Oslo Stock Exchange chief executive Oivind Amundsen has a stark warning for shipowners: get with the decarbonisation programme or miss out.
Speaking to Nor-Shipping ahead of the big maritime gathering next month, the former naval officer said the bourse has more than 40 top maritime companies on its boards, boasting a combined market cap of close to €20bn ($21.5bn).
“The market has changed a lot,” he said. “As little as 10 years ago, nobody talked about International Maritime Organization regulations, dual-fuel, clean fuel or ammonia. The focus then was on time to market — the fastest way to transport goods from A to B. However, that has now changed dramatically.”
Amundsen believes many people do not consider shipping to be an environmental, social and governance (ESG) business, instead associating it with pollution.
“Really it is the other way around. It will be extremely important for many years ahead to transport goods on the oceans and that puts an even greater focus on ESG across the shipping sector,” he said.
“If you are not part of this and take your responsibility as a shipowner or charterer, you will lose out.”
The executive explained that companies come to Oslo knowing that investors there require them to follow the IMO rules and have sufficient modern ships.
“If you do not, then you will not be getting any contracts,” he added.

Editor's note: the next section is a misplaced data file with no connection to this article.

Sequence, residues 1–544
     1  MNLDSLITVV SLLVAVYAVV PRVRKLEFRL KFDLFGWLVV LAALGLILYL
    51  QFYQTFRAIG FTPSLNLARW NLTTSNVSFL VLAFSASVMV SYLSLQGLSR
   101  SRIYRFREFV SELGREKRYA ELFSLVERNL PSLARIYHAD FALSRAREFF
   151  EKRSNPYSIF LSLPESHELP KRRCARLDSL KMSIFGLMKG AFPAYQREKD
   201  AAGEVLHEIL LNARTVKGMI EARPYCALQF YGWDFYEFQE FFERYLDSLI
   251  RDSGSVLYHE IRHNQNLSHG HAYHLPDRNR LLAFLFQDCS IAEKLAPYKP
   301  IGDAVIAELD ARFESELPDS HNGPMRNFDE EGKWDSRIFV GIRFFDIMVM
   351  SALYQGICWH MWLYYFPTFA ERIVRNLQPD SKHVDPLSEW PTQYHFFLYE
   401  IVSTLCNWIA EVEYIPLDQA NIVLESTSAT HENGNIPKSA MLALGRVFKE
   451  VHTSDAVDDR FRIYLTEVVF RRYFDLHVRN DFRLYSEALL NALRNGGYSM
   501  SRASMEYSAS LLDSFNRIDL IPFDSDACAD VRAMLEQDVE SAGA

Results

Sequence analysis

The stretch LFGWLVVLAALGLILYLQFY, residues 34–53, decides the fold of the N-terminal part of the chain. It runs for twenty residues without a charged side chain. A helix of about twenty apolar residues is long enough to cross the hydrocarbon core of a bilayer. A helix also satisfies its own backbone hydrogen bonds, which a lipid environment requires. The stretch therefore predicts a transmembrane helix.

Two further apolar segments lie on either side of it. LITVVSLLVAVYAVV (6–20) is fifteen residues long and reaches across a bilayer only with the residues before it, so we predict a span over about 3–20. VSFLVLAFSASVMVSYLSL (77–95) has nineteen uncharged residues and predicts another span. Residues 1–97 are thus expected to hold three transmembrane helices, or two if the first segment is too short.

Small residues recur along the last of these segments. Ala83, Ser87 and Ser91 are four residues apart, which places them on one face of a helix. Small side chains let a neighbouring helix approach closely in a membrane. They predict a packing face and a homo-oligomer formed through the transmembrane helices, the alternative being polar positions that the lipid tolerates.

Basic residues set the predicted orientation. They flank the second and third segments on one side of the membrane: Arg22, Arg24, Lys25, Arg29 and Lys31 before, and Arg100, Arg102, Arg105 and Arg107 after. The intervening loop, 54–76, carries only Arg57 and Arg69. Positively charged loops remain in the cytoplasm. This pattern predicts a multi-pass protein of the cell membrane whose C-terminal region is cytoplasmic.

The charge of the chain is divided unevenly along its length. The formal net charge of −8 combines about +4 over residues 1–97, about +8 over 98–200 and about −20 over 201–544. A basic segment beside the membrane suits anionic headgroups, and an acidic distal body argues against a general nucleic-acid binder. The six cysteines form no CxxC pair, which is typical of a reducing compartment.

“There is such a strong demand now from investors that companies have a comprehensive ESG profile. If you want good investors and long-term investment, what we call high-quality investors, they will want to see you can deliver on the ESG side.”
The latest shipping newcomer in Oslo was Stainless Tankers, the Tufton and Womar-backed start-up formed with seven chemical tankers previously owned by Tufton funds.
It carried out a $67m over-the-counter IPO in March and then listed on the main board.
Amundsen said partnership with Norway’s maritime sector is important to the exchange: “We would not be the biggest stock exchange in the world for shipping if it was not for the strong industry cluster in Norway.”
He pointed to an ecosystem in the Norwegian financial market based on the participants all working together.
“I often say that we own this market jointly and we cooperate to make it work,” he said. “We have the investors, bankers, brokers, lawyers and analysts that know the shipping business very well and can support each other.”
The Oslo bourse has been owned by Euronext since 2019.